As it turned out, the Louisiana daughter, Lorraine, was able to make it, so I was blessed to cross America with two daughters that I normally don't get to spend a lot of time with.
But we had a series of small miracles before we ever reached Louisiana that were incredibly testimony strengthening. Nikki and I left South Carolina Sunday afternoon after their church and choir practice and drove 5 hours to Montgomery, Alabama. The next morning I spelled her at driving and was three hours into our second day on the road when the engine warning light came on. She grabbed the manual and read a couple of minor things it could be so we decide to continue. We'd been traveling through rural parts of Alabama with only very small towns, but as the problems began, we entered Mobile, Alabama - the largest city we'd seen since leaving Montgomery at 6:00 a.m. Miracle #1.
We passed the first exit planning to continue our drive when the engine suddenly chuged and I immediately pulled off at the second exit to find a service station. Nothing in site - we are in an industrial area. I drove slowly around the block while the car is chugging. I pulled into a parking lot and we checked the two things the manual suggested. Neither is the problem. Nikki located an auto parts store on her smart phone just a block away - but it is up a hill and the car won't go up that hill.
Miracle #2: Let me set the scene for you: We pulled onto a four lane road with lots of traffic. There is a median all along the highway except for the very place we pulled onto the road. The light behind us turned red and the light on the other side of the road was also red so we were able to quickly abort the planned uphill climb and coast across all four lanes of traffic and down into a little area with a faded auto shop sign. It turned out that was closed but a German auto shop was there. However, their German instruments would not read her car's information.
Miracle #3: The man points across the street where we've just come from. Back there, around a corner is an auto shop and he says the man there can probably help us.
Miracle #4: The car actually makes it up the incline back onto the four lane road and traffic is once again stopped both directions so we are able to cross all lanes and make it the one short block to the auto shop. The very nice man hooks up his computer to the engine and reports that spark plugs 1 and 4 are not firing. He can fix it - and he can have us on the road in about 2 hours if he can get the parts.
Nikki and I walked a way down the street to a Waffle House and had brunch. In the meantime, we are messaging with Lorraine in Louisiana. There is a tropical storm with torrential rains and thunder and lightning and high winds that have downed trees on the interstate as well as all over the area. We are preparing to drive right into it. Of course, we are praying like crazy for the car to be fixed and the weather to be tempered. We don't have days or even hours to delay this trip as we need to be in Utah Thursday at noon.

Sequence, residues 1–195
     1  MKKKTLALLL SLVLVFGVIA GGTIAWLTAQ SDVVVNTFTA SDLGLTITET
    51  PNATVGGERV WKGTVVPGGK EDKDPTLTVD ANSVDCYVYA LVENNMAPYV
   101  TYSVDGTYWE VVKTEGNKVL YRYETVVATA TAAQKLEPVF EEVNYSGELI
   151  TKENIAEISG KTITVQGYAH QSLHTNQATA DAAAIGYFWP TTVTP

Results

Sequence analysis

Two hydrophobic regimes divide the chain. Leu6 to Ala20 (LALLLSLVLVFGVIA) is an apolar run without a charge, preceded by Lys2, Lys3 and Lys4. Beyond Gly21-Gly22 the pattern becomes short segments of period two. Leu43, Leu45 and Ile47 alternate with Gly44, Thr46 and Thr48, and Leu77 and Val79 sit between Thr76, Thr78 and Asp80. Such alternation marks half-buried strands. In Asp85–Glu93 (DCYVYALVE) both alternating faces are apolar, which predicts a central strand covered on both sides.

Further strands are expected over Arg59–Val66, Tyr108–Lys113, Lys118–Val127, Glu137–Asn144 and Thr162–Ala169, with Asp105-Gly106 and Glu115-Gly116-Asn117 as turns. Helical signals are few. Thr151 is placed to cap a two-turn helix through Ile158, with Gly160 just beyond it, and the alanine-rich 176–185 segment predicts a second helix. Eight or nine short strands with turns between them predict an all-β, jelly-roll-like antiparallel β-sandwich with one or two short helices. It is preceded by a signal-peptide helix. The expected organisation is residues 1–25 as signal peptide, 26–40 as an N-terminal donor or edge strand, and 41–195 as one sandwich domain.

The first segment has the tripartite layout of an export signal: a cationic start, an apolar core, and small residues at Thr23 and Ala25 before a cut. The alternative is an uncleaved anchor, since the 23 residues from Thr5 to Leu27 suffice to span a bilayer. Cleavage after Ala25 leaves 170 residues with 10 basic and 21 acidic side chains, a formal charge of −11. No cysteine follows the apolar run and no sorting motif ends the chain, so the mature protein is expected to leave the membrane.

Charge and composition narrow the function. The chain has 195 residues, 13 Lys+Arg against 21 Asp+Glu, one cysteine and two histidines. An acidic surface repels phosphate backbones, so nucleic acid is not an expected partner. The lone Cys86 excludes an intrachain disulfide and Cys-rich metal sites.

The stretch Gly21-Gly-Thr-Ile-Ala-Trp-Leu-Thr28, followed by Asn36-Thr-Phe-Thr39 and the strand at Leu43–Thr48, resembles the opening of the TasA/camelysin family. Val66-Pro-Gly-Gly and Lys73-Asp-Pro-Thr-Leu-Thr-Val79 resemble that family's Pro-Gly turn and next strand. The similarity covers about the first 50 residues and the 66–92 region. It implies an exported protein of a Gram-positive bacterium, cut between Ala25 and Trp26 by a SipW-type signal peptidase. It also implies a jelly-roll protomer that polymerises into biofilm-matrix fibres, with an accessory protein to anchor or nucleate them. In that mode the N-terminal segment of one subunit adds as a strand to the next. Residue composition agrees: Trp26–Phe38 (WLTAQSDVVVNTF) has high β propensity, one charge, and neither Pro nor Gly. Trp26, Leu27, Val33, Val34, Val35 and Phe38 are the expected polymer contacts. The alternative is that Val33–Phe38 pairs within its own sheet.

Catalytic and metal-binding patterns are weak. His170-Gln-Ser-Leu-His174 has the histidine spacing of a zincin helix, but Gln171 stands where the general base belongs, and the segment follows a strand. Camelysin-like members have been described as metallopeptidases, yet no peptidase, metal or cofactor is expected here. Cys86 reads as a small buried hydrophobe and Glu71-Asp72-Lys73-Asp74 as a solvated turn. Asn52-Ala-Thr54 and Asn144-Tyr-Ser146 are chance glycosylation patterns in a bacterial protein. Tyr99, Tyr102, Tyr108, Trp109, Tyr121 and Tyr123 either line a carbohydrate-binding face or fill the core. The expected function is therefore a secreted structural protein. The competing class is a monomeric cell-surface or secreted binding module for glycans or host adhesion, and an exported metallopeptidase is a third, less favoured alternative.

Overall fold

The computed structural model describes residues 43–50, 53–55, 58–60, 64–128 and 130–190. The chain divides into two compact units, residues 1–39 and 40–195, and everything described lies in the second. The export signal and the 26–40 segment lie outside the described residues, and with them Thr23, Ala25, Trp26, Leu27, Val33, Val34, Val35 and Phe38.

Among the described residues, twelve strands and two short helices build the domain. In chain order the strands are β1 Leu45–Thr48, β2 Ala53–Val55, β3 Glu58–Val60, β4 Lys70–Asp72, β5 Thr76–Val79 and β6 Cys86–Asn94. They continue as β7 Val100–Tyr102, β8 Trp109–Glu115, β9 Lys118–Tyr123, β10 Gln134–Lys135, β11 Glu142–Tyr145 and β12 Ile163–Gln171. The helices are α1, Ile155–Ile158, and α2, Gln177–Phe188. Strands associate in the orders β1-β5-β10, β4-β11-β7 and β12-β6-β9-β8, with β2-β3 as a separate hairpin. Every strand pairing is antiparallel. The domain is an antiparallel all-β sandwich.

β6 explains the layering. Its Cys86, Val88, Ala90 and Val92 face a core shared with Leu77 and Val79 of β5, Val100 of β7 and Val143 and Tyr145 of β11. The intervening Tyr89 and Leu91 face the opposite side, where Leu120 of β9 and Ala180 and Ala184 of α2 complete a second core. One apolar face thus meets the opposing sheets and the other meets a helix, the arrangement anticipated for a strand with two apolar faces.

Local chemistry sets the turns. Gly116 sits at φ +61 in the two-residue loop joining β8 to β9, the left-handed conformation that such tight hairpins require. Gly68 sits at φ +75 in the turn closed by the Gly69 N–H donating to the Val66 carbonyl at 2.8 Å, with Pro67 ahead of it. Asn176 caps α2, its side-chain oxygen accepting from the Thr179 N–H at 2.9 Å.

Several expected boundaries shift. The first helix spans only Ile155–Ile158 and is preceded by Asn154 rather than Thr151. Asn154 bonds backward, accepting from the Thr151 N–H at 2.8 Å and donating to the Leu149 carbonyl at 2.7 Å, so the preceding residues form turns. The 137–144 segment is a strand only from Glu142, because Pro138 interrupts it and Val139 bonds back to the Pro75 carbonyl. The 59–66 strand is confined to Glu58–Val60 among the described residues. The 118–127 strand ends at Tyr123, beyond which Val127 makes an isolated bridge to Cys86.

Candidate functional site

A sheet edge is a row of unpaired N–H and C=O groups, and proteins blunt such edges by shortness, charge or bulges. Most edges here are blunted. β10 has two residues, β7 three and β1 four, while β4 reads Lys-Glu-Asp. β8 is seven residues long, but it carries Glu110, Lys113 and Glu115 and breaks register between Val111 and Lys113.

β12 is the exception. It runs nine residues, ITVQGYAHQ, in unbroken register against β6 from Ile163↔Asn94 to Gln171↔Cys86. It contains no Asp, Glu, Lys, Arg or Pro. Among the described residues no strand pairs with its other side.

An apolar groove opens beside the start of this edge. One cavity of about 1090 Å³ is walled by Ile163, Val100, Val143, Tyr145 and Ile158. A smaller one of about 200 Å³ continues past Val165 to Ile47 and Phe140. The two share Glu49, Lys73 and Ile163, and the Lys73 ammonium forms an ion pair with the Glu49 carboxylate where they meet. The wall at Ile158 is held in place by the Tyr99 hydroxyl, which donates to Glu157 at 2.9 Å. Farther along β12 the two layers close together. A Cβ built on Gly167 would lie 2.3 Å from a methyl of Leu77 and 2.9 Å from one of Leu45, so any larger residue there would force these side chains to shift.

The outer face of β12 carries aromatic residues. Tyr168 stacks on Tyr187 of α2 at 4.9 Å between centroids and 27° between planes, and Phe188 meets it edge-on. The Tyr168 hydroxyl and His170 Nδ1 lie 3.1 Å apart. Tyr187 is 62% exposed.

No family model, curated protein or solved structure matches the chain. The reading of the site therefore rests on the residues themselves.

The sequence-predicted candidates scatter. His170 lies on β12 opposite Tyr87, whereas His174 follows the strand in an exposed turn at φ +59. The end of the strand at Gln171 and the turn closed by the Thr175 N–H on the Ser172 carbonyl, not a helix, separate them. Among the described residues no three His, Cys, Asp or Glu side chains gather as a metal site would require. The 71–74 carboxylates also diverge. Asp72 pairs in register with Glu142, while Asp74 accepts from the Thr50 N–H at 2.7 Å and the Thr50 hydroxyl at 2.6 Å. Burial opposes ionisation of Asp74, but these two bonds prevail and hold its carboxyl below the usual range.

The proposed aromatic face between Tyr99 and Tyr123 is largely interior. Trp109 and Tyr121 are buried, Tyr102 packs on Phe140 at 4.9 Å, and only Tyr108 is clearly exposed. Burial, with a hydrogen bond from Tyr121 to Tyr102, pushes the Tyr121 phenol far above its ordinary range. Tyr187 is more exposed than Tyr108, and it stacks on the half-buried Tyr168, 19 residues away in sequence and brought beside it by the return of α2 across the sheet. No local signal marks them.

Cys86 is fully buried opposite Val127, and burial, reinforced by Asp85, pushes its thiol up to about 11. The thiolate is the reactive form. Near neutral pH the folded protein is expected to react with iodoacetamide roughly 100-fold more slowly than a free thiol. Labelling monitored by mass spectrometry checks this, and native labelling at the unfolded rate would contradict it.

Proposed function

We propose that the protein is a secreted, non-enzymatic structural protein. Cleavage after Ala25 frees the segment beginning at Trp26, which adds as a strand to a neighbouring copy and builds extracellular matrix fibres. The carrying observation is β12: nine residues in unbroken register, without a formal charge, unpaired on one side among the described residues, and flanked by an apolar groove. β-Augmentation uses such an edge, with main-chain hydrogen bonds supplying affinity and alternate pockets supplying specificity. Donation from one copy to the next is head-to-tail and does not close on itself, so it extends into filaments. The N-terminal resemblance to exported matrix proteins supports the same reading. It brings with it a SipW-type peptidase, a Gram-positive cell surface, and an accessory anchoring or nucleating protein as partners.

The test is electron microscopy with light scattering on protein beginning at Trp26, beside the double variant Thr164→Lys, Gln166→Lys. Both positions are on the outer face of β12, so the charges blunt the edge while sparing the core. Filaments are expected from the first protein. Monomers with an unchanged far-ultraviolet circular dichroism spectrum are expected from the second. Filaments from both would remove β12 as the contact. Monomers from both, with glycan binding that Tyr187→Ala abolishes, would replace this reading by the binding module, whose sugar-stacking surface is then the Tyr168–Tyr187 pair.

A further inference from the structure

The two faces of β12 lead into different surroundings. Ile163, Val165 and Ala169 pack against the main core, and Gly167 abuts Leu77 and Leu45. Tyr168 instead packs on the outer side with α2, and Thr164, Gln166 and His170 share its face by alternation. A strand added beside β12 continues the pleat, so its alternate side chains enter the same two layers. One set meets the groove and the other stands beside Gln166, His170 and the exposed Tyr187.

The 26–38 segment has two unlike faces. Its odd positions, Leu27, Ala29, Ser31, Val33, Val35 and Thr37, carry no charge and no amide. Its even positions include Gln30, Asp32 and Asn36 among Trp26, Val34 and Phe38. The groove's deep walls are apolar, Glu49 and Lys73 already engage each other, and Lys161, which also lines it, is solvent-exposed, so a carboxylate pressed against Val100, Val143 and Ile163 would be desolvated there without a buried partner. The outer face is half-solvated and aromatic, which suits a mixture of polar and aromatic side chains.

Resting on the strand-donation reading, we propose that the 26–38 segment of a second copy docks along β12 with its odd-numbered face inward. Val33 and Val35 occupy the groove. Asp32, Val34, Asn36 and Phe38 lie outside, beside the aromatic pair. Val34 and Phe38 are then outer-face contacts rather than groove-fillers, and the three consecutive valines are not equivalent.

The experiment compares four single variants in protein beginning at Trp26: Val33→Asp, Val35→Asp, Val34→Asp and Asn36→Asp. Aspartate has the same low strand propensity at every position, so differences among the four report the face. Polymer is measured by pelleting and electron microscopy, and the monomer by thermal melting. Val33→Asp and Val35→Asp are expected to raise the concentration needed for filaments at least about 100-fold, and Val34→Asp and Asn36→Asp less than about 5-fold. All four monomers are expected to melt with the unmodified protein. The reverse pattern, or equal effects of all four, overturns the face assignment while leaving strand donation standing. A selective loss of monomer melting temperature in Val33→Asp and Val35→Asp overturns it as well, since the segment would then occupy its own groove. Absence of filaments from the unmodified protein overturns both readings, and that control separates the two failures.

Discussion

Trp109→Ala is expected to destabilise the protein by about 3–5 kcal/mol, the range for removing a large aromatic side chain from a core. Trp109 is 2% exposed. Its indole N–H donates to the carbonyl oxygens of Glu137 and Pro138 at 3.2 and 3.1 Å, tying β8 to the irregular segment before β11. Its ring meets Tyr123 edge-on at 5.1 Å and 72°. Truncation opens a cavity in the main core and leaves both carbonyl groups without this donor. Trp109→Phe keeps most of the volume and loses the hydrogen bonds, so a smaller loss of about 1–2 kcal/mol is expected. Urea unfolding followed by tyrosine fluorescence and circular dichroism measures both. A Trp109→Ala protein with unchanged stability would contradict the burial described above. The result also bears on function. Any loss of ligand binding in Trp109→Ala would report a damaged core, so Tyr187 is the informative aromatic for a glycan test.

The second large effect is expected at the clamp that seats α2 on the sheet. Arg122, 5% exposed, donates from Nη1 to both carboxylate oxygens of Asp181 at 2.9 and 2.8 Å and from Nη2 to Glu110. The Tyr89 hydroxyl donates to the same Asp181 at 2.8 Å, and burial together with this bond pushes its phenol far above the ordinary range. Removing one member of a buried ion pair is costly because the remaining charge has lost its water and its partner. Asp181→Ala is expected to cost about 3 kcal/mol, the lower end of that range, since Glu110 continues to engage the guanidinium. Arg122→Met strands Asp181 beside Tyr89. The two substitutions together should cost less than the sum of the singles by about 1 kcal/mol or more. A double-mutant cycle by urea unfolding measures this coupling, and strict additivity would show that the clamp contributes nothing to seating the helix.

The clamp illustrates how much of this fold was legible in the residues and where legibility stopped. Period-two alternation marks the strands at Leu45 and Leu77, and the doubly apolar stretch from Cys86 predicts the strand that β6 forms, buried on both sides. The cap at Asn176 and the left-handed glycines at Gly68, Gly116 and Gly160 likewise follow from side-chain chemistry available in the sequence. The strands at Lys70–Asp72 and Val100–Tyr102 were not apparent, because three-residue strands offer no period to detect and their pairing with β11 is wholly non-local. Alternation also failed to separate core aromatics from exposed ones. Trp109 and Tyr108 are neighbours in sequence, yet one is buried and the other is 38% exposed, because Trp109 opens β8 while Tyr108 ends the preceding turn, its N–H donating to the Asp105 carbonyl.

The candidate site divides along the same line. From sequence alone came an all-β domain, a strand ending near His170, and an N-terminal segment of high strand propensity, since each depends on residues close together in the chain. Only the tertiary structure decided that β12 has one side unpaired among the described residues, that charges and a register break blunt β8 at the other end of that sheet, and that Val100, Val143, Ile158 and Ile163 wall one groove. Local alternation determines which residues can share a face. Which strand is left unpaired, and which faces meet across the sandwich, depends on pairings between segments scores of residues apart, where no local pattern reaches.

Miracle #5: When we return to the auto shop, the very nice man has shelved all his other work, put aside all his customers that are waiting and has fixed our car - six new spark plugs, a coil, and only charged us $300. There were little cards all over his walls thanking him for being so honest and helpful to many travelers in need. We added to that collection!!!
Miracle #6: While we had been riding out the rain storm in Mobile and waiting for the car to be fixed, the storm in Louisiana blew itself out and all we encountered in the next few hours were drenching rains that could be handled at 35 miles per hour. (Oh, that we had some of that moisture in California!!)
The remainder of our trip was uneventful but very pleasant as we continued on to St. George for the graduation. We enjoyed celebrating Rachel's summa cum laude laurels with family and friends. My husband drove from California and met us there and friends and relatives from Las Vegas (where Nikki and her family had lived for four years previously) came to celebrate with us.
Saturday night Glenn and I drove north to Highland and stayed with his sister and her husband and visited into the night. Sunday morning I met with my three sisters and their husbands and we spent the day catching up. One sister came from Michigan and the other two are from Idaho. It was the only time we could get together this year so we used every minute to enjoy each other.
Monday morning we all met again for breakfast at Kneaders - we don't have them in California!:( One sister and her husband attended the Payson Temple Open House with us and Glenn's sister and some of her family. What an exquisitely beautiful temple. Glenn's parents and grandparents were from Payson area so it was a special time for us.